Conclusion. Many people embark on a PhD for the wrong reasons, such as their professors talking them into it. But a PhD only makes sense if you strongly value the intrinsic reward of intellectual pursuit and the chance to make an impact through research, with financial considerations being of secondary importance. This is an intensely personal decision. Even if you decide it’s right for you, you might want to leave yourself room to re-evaluate your choice. You should pick your program carefully and have a strategy in place for managing the inherent riskiness of research projects and the somewhat lonely nature of the journey.

A note on terminology. I don’t use the terms grad school and PhD student. The “school” frame is utterly at odds with what PhD programs are about. Its use misleads prospective PhD applicants and does doctoral researchers a disservice. Besides, Master’s and PhD programs have little in common, so the umbrella term “grad school” is doubly unhelpful.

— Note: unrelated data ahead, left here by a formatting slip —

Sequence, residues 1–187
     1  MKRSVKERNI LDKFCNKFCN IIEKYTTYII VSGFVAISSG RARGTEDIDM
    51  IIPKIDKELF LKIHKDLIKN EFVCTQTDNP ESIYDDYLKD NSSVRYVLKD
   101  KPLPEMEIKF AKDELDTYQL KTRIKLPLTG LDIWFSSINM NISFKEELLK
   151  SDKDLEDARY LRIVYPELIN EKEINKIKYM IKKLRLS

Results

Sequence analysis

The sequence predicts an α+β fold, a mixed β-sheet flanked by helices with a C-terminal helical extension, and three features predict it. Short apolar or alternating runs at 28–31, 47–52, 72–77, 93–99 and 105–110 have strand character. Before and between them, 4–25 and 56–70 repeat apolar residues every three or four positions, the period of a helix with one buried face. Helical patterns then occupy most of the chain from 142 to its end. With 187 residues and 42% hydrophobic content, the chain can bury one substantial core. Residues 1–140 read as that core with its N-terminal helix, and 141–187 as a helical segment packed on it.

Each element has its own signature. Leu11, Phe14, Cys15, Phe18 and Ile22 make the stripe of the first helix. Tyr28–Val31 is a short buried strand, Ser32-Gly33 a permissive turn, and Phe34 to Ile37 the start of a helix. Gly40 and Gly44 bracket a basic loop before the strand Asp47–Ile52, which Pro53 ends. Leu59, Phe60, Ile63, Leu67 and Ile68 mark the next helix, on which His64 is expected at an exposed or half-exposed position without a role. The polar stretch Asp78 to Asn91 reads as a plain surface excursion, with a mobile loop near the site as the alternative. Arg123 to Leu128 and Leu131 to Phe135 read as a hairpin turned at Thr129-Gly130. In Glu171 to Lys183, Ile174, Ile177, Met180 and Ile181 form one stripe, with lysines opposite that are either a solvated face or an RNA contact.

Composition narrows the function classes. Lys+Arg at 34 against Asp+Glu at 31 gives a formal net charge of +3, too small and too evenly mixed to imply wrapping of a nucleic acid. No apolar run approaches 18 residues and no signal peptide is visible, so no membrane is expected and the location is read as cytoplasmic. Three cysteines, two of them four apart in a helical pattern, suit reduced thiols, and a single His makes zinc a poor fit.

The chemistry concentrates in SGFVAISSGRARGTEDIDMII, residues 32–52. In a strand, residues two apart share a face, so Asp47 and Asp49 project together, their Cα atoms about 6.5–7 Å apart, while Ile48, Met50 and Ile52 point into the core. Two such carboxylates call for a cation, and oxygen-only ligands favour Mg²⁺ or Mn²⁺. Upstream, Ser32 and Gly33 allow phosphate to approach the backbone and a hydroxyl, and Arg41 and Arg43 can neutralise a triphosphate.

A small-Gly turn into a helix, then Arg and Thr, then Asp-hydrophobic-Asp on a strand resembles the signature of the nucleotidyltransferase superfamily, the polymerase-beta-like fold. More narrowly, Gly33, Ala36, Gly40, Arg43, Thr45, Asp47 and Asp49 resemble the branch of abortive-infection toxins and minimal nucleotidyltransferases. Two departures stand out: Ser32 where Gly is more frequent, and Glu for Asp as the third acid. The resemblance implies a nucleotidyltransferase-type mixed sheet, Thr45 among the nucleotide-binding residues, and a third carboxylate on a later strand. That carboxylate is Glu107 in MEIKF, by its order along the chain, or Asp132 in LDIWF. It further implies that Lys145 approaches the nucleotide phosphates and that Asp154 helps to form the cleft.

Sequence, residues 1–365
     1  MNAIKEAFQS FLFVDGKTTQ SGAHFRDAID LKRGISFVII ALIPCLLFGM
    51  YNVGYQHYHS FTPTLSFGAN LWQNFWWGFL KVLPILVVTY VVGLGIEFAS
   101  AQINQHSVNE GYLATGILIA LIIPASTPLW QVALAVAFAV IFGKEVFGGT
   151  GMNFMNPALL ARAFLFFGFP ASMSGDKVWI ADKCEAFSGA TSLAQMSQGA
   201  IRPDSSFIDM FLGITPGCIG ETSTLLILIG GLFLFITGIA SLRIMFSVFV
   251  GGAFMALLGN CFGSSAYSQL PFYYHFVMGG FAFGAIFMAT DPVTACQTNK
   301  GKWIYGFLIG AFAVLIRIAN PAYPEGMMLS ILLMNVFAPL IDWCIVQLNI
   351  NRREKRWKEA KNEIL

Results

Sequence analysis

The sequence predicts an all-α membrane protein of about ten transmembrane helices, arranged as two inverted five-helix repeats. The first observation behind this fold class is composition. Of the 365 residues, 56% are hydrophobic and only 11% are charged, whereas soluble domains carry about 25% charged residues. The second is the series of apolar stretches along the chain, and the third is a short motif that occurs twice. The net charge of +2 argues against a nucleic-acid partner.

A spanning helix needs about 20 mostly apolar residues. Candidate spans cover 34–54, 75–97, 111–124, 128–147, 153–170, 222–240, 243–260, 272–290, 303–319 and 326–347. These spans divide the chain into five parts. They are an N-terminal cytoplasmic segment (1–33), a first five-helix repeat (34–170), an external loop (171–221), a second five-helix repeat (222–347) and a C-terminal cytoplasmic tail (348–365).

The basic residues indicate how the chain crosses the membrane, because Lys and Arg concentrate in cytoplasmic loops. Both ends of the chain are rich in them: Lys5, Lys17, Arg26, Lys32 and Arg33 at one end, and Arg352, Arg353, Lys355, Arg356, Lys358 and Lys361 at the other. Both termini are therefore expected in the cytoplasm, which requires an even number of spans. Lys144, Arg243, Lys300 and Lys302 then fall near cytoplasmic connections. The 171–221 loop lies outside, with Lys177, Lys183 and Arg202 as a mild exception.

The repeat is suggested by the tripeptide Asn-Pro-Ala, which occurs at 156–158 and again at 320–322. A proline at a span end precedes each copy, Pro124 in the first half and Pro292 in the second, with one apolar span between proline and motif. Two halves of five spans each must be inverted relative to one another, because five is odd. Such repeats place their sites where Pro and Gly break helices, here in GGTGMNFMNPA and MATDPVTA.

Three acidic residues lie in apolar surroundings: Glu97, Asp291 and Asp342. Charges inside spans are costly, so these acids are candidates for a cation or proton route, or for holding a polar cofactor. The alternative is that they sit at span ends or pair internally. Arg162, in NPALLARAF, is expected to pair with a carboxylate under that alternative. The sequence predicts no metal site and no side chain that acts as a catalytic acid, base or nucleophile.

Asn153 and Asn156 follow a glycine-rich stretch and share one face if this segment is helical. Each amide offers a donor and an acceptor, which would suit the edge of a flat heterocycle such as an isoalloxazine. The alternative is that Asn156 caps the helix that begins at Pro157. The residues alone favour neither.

Thanks to Ian Lundberg and Veena Rao for feedback on a draft.

What Are Machine Learning Models Hiding?

Machine learning is eating the world. The abundance of training data has helped ML achieve amazing results for object recognition, natural language processing, predictive analytics, and all manner of other tasks. Much of this training data is very sensitive, including personal photos, search queries, location traces, and health-care records.

In a recent series of papers, we uncovered multiple privacy and integrity problems in today’s ML pipelines, especially (1) online services such as Amazon ML and Google Prediction API that create ML models on demand for non-expert users, and (2) federated learning, aka collaborative learning, that lets multiple users create a joint ML model while keeping their data private (imagine millions of smartphones jointly training a predictive keyboard on users’ typed messages).